The Political Economy Review 2017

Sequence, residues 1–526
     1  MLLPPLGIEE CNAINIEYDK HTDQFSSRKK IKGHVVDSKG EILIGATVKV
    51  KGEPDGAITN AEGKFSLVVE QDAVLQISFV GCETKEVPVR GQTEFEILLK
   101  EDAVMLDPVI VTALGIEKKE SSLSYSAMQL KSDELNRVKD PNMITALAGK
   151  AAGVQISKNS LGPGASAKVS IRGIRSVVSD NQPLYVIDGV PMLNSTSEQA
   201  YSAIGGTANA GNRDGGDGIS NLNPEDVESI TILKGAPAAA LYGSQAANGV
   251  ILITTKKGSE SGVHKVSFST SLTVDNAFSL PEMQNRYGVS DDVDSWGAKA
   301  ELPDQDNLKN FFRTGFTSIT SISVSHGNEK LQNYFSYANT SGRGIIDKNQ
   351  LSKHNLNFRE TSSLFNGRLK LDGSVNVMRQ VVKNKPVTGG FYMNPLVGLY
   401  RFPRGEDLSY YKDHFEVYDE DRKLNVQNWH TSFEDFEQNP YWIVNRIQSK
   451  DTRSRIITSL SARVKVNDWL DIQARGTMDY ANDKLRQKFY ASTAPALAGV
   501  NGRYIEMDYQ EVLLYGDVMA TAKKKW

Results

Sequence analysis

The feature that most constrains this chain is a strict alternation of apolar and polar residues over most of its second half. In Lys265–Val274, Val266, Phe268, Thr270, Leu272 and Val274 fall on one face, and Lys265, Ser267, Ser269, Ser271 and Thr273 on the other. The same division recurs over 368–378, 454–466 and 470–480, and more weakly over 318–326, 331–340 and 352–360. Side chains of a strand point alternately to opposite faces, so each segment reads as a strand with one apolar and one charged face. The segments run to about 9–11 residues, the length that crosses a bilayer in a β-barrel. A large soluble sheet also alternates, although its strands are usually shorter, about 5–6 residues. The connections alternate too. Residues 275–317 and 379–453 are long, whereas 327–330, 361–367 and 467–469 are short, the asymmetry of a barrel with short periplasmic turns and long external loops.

A number of theoretical limitations and practical implications could limit the effectiveness of the policy. Firstly, deciding on an appropriate rate of subsidies on job creations to correct the market failure requires extensive research and planning. However, due to asymmetric information, it often leads to information failure, as it is challenging to measure the extent of a market failure, which often leads to misallocation of scarce resources, not achieving Pareto efficiency. Instead, under the ‘laissez-faire’ approach, the market should fix the problem itself anyway, to allocate resources efficiently, e.g. if setting up offices or factories in the North is indeed cheaper than the South, along with the benefits of agglomeration economies, firms would rather choose the North, to reduce their costs of operation and benefit from the established area, whilst creating more jobs in the North. Geographical mobility of labour measures the ability of workers to move in order to find new or better jobs. Economic theory of this policy assumes that labour is perfectly geographically mobile. However, if the geographical mobility of labour is low, workers may be reluctant to move to the North to work. There could also be immeasurable opportunity costs for workers to move to the North, e.g. a young family with children has to relocate all of their children’s schools, extra-curricular activities, etc. Along with the upcoming construction of High Speed 2, workers in the South could travel to and work in the North swiftly without moving over, this would not increase the demand for housing in the North, nor decrease the demand for housing in the South. In 2015, for every 12 jobs created in the South, one is lost in the North (Centre for Cities report). A report also suggests that there is a weakening population growth, and more importantly, a declining working population in the North (ONS, 2016). These could imply a declining job market in the North and workers are more inclined to work in the South. Even if there are subsidies on job creations, it may not have much of an effect, as the demand for workers is genuinely weak. Particularly, if job creations are in the manufacturing industry, which the North’s economy relies more on than the rest of the England, as it accounts for 9.5% of the jobs in the North, compared to the national average of 7.6% (ONS JOBS05, 2017), the economy in the North may not grow as much, since manufacturing is seen as a declining industry, with its overall contribution to the UK economy constantly diminishing. The subsidization may then lead to a government failure of unintended consequence. Hence, it would lead to an inefficient allocation of resources. Subsidising job creation involves largely expensive administrative costs, e.g. to measure the appropriate rate of subsidies, pick the industries with the highest growth potential to subsidise in and ensure that the costs are used efficiently by the firms to fund the creation of jobs. Those costs often turn out to be sunk costs. It may be more efficient and cost-saving to use the funds to focus on more direct methods to provide more affordable housing in the South. Inevitably, there will be time lags to create more affordable housing affected by the subsidization of job creation, as it would take time for workers to plan and move from the South to the North, to lower the demand for housing in the South. In light of Brexit, there are vast uncertainties and low consumer confidence surrounding the UK. Remarkably, a recent study also shows that the London housing market is in deepest slump since 2009 (RICS, March 2017). Indeed, until now, it is still hugely unpredictable what Brexit could mean to the UK. It is greatly dependent on whether the UK could bargain for a decent trade deal with the EU after leaving the ‘single market’ and maintain its attractiveness for inward investment. Brexit would also suggest that the North would be losing its Northern Powerhouse funding from the EU Structural Funds, which means the government might have fewer funds to spend on subsidising job creations in the North. One may argue that subsidizing job creation is not sufficient to be the most direct, efficient and cost-saving solution by itself, and it is successful if and only if an appropriate rate of subsidies is set. It also has to factor in geographical mobility of labour, situation of current job market, consumer confidence, etc. Unless it is used in


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